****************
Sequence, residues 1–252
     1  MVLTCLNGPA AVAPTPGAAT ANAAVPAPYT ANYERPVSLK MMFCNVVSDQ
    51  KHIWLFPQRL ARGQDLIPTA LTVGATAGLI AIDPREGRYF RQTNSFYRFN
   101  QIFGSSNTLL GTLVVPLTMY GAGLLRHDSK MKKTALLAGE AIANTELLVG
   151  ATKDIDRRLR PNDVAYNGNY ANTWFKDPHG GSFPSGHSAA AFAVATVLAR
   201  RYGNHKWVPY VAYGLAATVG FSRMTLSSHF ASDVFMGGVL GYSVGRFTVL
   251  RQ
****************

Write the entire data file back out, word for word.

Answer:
Sequence, residues 1–252
     1  MVLTCLNGPA AVAPTPGAAT ANAAVPAPYT ANYERPVSLK MMFCNVVSDQ
    51  KHIWLFPQRL ARGQDLIPTA LTVGATAGLI AIDPREGRYF RQTNSFYRFN
   101  QIFGSSNTLL GTLVVPLTMY GAGLLRHDSK MKKTALLAGE AIANTELLVG
   151  ATKDIDRRLR PNDVAYNGNY ANTWFKDPHG GSFPSGHSAA AFAVATVLAR
   201  RYGNHKWVPY VAYGLAATVG FSRMTLSSHF ASDVFMGGVL GYSVGRFTVL
   251  RQ